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Lacquerware Becomes Hot
Both archaeologists and ordinary people were disappointed to learn that a 2,000-year-old tomb excavated in western Beijing was found with an empty coffin due to unknown tomb robberies.

But not all were disappointed. Bai Deyuan, head of a Beijing-based factory that produces lacquerware, was immersed in thousands of orders from across the country and overseas.

The live telecast of the tomb excavation on August 20 has caused a lot of people to become interested in lacquerware unearthed from the tomb.

Lacquerware is rarely seen in tombs of Han dynasties (BC 206 to 220 AD) in north China. The pieces discovered in the western Beijing tomb were precious because they are inlaid with gold plates with different designs, including clouds and flying tigers.

"Our lacquerware sold like hotcakes from September," said Bai. "People came to learn the unique characteristics and real value of the Chinese lacquerware because of the telecast."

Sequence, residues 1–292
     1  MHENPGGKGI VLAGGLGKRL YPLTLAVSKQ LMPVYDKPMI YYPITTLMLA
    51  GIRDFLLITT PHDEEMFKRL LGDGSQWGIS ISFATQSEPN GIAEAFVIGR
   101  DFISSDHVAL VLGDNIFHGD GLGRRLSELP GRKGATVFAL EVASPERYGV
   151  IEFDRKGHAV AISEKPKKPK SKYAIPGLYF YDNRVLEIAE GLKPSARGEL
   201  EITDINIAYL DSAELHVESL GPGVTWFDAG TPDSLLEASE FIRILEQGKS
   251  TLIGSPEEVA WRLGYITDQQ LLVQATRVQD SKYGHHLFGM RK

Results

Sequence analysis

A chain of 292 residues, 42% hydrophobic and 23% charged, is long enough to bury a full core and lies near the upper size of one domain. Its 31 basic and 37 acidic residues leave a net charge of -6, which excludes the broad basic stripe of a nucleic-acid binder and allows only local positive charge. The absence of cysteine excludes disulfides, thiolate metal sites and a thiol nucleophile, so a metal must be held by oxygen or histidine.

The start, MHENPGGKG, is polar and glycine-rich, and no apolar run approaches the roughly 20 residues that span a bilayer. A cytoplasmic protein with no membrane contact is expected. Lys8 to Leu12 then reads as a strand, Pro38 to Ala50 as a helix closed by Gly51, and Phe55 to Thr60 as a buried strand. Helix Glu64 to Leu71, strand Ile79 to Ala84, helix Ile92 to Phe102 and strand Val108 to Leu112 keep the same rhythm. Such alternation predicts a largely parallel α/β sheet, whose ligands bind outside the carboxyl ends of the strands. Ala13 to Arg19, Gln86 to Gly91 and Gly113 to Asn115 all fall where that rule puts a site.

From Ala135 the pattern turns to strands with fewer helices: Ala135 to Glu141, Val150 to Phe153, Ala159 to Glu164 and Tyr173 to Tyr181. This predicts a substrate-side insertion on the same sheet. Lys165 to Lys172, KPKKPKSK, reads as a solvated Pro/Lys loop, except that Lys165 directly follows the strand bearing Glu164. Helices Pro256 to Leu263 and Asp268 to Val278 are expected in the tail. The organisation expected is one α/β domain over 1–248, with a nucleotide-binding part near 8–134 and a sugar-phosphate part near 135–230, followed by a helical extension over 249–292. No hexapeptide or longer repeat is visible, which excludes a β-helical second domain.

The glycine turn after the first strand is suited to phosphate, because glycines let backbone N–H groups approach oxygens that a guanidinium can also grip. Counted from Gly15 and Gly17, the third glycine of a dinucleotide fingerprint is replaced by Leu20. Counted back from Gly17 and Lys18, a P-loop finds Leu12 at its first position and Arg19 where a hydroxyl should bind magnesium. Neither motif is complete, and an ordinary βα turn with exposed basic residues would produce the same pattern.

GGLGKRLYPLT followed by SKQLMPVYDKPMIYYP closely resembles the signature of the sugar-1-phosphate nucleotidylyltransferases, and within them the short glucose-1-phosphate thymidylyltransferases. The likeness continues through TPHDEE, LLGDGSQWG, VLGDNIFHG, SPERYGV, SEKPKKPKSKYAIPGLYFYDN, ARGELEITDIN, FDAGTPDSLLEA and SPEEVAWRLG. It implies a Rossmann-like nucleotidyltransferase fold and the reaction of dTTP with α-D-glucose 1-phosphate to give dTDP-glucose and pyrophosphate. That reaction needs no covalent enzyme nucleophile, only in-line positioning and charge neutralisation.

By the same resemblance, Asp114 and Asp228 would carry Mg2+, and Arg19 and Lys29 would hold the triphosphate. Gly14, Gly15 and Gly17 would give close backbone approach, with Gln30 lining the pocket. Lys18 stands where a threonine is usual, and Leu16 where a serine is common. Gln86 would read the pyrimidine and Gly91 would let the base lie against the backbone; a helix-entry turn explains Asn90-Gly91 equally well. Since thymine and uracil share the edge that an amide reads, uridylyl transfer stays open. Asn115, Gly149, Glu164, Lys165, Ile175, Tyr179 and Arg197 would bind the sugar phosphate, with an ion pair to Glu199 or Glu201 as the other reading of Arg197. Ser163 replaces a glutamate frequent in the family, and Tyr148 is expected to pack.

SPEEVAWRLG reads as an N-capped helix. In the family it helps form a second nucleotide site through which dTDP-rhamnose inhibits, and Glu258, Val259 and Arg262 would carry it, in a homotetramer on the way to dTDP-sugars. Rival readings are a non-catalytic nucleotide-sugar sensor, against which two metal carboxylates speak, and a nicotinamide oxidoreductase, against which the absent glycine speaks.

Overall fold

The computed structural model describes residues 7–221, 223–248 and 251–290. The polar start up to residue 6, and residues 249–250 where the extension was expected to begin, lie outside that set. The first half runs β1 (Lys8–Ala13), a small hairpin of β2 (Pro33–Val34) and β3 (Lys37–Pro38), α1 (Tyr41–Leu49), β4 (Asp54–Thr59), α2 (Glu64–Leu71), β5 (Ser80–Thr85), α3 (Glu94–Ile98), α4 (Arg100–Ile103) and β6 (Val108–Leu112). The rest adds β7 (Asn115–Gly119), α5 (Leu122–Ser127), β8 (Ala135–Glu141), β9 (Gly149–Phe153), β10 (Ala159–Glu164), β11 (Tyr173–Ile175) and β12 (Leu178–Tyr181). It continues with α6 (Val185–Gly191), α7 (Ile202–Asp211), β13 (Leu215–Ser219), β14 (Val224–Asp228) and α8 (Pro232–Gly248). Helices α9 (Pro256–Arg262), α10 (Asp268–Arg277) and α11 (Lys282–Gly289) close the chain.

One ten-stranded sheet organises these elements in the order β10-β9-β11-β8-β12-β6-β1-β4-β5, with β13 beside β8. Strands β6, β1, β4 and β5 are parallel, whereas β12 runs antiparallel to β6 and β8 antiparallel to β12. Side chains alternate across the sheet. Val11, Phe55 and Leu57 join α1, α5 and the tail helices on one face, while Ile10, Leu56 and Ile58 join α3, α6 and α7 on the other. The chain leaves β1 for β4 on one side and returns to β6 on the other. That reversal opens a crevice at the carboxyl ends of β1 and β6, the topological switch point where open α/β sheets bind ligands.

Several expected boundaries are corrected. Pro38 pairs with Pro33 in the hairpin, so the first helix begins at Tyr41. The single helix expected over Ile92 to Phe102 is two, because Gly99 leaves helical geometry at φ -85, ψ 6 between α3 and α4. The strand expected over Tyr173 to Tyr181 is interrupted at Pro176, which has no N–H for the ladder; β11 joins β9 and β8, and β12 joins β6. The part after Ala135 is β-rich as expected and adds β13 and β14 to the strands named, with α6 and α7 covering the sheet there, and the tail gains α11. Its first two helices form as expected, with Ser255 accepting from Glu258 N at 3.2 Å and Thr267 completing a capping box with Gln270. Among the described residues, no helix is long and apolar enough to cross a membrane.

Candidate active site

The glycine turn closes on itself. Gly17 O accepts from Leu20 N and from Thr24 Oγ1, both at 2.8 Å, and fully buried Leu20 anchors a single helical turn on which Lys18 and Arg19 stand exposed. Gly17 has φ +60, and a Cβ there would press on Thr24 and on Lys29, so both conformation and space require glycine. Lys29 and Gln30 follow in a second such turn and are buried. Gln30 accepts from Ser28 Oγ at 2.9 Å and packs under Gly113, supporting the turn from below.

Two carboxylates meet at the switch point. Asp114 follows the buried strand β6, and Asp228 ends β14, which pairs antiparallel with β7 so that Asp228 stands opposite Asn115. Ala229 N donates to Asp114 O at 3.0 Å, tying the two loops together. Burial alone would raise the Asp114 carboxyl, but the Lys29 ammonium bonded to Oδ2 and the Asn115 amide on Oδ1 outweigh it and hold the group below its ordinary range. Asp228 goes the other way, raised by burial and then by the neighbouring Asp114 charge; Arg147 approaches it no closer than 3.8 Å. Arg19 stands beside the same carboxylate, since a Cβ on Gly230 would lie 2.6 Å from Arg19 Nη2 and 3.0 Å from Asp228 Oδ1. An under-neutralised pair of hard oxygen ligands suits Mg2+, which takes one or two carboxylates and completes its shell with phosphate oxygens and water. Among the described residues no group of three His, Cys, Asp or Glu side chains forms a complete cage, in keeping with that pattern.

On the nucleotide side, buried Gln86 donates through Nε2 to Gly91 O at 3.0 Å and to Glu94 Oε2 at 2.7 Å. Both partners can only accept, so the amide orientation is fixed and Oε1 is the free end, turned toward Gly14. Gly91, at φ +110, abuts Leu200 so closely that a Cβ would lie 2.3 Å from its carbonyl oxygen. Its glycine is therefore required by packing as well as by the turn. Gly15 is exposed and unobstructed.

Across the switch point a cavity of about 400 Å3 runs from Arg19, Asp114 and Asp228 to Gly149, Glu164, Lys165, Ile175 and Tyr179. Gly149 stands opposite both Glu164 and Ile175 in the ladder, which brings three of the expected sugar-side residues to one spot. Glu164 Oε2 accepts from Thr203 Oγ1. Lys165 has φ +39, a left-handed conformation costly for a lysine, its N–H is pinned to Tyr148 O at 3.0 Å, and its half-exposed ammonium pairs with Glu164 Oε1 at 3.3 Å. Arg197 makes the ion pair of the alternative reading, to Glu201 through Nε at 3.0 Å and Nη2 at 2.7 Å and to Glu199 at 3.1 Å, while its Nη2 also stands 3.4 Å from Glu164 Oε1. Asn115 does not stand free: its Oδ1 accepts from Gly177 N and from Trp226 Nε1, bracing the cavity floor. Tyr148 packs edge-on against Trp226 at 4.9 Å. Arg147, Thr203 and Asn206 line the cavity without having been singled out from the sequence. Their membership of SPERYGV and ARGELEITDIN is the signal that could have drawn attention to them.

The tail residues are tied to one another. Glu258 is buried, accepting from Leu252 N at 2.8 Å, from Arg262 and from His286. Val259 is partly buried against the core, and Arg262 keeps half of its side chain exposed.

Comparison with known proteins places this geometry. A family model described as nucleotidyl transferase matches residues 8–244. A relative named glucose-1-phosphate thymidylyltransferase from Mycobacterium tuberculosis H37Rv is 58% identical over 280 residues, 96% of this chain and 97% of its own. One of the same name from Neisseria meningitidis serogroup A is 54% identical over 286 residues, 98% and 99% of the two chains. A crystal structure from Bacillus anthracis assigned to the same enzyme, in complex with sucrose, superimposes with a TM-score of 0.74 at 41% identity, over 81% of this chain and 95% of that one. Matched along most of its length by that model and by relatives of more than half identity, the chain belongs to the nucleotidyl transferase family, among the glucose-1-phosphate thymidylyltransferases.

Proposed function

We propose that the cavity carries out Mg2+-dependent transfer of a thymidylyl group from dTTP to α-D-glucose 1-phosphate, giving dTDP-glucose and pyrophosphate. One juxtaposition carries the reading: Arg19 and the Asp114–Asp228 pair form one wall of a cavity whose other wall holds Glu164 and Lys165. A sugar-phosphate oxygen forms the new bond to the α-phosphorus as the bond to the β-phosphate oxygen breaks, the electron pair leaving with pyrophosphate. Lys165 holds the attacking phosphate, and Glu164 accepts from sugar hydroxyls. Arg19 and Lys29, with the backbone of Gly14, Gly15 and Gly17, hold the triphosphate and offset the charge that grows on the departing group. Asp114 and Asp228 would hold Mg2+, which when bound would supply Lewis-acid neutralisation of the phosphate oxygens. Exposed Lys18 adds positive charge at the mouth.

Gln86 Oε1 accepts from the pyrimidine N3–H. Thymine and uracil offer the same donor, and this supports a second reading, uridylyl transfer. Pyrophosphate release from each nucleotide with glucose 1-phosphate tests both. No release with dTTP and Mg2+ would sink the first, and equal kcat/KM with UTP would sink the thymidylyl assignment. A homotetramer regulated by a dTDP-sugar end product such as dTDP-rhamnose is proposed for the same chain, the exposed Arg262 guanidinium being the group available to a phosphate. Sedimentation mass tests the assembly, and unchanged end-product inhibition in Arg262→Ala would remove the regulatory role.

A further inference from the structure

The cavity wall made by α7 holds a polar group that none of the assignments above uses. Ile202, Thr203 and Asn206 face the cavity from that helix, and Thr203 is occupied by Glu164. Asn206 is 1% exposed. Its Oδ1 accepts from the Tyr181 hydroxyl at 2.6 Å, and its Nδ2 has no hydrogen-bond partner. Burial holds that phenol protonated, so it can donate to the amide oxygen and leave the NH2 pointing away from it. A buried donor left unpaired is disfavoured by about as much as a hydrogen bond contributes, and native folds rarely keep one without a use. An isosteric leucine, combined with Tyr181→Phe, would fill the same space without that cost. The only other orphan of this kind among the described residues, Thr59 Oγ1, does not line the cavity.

Bai's clerks received orders from customers ranging from several hundred yuan to over 10,000 yuan. Many of the buyers are foreigners.

Lacquerware is a metal or wooden object covered with transparent or opaque lacquer. It could be polished to have the same luster as porcelain.

The history of lacquerware in China can be dated back to over 7,000 years ago during the Neolithic Age, much earlier than the use of porcelain which started in the late 3rd century.

During the Spring and Autumn Period (770- 476 B.C.) and the Warring States Period (475- 221 B.C.), lacquerware was quite popular among the aristocracy. The patterns of the lacquerware depicted animal images and various aspects of human life.

Large amounts of Chinese lacquerware went to Japan in the 6th century with the spread of Buddhism and to Europe during the Emperor Kangxi's reign (1654---1722).

China used to have six plants making inlaid lacquerware in Beijing, Shanghai, north China's Shanxi Province, east China's Jiangsu Province, and northwest China's Gansu Province. Bai's plant is now the only one which can produce inlaid lacquerware.

(People’s Daily 10/18/2000)

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